6 - In the spin class focus on what you are doing all the while giving yourself a pep talk. Positive self talk is such a key to getting what you want. If you compare yourself to others you will always be frustrated because there is nearly always someone who can out perform you. Also, a very wise Tai Chi instructor is famous for saying that if you compare yourself to the person next to you, you must assume all of their "stuff" - the unpaid bills, the car in the shop, the hassles at work, etc. You don't want to go "there"!

7 - Focus on the running motion, not the top of the hill. Keep your arms moving gently and strongly at the same time. Relax your face and keep breathing rhythmically. Think of your legs and arms as the pistons in an engine or perhaps the wheels of a locomotive as it chugs along the track. Pick an image and run "to" and or "with" that in mind. Forget about the top of the hill; you will be there soon enough.

You get the idea. Give it a whirl and let us know how it works for you!

Sunday, October 5, 2008

Break Out of the Box

Every now and then it is good to shake up the routine, to break out of the box as it were. We continue to challenge our swimmers and ourselves to seek new pursuits that compliment what we are trying to do in our sport that are also "outside of the box".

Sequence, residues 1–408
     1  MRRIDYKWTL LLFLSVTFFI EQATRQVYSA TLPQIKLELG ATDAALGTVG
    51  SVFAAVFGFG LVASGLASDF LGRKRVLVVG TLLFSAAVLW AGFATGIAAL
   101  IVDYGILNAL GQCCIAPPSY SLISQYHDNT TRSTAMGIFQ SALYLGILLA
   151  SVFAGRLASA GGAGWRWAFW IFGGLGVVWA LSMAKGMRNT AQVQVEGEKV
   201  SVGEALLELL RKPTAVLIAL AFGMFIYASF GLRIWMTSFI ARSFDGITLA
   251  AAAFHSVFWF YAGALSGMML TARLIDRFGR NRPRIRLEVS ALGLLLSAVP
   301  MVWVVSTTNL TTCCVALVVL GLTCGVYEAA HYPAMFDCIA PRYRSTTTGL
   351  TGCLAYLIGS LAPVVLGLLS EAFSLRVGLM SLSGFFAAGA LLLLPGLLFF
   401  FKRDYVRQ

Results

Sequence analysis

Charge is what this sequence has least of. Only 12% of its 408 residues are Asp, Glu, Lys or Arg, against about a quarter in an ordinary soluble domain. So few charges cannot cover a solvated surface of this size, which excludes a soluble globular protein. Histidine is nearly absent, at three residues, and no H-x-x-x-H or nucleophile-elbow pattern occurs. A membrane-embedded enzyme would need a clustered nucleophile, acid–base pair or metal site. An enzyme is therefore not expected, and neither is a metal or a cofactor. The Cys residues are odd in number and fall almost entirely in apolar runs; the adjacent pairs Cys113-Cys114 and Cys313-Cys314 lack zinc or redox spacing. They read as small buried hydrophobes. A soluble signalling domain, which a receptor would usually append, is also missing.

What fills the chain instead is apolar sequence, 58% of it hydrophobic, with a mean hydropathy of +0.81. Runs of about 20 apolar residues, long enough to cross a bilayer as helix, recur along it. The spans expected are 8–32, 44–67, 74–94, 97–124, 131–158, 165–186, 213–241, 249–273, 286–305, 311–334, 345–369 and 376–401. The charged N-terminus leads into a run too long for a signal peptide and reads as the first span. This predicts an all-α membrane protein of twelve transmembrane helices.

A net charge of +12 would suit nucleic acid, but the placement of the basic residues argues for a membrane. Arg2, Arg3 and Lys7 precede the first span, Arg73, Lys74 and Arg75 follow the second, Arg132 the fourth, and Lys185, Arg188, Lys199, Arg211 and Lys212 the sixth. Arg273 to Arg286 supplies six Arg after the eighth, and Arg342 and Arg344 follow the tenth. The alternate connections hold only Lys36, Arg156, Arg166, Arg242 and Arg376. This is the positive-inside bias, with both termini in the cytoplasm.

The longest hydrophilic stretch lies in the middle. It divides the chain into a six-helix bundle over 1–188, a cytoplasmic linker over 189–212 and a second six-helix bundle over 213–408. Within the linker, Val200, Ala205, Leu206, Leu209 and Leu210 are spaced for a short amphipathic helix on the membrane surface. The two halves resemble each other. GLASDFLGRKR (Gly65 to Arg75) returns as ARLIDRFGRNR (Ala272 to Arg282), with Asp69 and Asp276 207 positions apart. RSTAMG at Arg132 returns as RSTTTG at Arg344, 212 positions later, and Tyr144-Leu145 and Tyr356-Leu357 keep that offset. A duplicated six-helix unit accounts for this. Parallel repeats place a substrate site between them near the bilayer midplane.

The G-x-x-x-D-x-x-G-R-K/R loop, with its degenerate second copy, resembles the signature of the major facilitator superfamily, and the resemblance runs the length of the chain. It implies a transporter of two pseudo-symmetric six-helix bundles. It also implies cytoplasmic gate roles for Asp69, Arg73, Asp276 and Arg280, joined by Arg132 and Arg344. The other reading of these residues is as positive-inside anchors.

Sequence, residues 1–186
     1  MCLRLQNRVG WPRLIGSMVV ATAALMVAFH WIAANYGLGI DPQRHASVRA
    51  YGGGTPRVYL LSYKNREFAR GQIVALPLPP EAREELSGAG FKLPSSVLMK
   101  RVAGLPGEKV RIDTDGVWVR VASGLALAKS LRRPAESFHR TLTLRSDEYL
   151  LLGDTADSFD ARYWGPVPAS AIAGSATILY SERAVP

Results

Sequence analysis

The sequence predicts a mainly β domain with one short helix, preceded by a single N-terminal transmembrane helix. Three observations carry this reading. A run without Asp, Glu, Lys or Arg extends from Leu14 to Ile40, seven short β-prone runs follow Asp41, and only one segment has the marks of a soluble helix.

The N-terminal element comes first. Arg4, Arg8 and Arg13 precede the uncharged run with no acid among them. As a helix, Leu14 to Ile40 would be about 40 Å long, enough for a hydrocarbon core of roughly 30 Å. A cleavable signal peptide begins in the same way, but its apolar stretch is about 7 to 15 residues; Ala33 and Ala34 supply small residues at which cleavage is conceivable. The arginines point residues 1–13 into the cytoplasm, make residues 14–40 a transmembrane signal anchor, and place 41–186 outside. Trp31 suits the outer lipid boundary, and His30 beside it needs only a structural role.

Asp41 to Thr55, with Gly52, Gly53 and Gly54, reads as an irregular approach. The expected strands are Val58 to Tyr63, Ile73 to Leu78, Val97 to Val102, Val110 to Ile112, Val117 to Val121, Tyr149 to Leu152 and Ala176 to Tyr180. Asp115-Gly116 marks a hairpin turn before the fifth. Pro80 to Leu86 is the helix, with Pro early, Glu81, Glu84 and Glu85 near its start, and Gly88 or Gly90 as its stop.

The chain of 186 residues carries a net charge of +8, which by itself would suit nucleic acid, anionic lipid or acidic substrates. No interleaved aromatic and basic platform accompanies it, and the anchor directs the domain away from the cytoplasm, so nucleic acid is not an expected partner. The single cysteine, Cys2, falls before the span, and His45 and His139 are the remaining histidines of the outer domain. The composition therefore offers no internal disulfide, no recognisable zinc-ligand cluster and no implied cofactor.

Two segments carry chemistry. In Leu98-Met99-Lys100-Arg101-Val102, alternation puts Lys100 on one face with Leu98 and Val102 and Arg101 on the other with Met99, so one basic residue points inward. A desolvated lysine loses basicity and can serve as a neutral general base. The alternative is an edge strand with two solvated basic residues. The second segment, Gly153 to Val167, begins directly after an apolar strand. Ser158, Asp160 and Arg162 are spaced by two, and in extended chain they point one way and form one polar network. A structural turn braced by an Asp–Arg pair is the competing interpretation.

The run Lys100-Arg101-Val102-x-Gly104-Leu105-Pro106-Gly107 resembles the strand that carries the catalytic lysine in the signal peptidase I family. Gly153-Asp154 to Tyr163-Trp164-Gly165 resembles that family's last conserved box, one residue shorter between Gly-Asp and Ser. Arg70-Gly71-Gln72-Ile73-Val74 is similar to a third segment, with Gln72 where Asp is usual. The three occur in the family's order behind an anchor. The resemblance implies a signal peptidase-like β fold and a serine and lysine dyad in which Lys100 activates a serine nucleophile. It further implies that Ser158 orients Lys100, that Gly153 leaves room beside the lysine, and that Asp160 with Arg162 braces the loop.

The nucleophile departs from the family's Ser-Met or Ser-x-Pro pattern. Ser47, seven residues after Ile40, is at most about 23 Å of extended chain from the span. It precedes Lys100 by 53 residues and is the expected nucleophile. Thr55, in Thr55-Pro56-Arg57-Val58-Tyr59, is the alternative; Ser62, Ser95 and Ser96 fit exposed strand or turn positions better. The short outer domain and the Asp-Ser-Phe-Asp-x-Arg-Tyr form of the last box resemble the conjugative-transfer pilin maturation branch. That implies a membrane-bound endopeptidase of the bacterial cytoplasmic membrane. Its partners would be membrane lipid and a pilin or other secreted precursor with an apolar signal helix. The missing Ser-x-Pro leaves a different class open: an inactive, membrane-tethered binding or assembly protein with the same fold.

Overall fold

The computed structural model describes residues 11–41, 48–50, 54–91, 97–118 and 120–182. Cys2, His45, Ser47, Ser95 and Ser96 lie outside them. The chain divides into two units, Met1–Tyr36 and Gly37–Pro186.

This weekend in northern California we had an opportunity to do just that. Several of our pool swimmers swam in the annual RCP Tiburon Mile open water swim. For many of them it was the first time they had swum in San Francisco Bay. Several overcame anxiety about being able to see the bottom. We encouraged them to do this because, in life, we often never "see the bottom" as it were.

We encourage you as well to try an open water swim. There are many every year in lakes, rivers and the bays that are near you. Pick one that has good support and safety features. The RCP Tiburon Mile had numerous chase boats, kayaks and support staff. While this swim annually features top Olympians and Open Water professionals swimming with amateurs, many of the swims in your area are less formal. That doesn't mean that they are not equally valuable to you. The value, we believe, is in the trying of something new. Each time you step outside of your own comfort zone you have the opportunity to learn new things about what works for you...both in and out of the pool!

Let us know how it goes for you!

Relaxation vs. Arousal

These two states of readiness and more accurately the balance between them is something coaches and athletes continually strive to "get right". The fascinating paradox is that what is "right" for one is rarely "right" for another. The article by Ms. Kolata in a recent NY Times edition provides some interesting insight into the age-old challenge; namely how does an athlete find her/his groove? Read the original article, "Before Hustling to Finish, Relaxed Is a Good Way to Start" to learn more.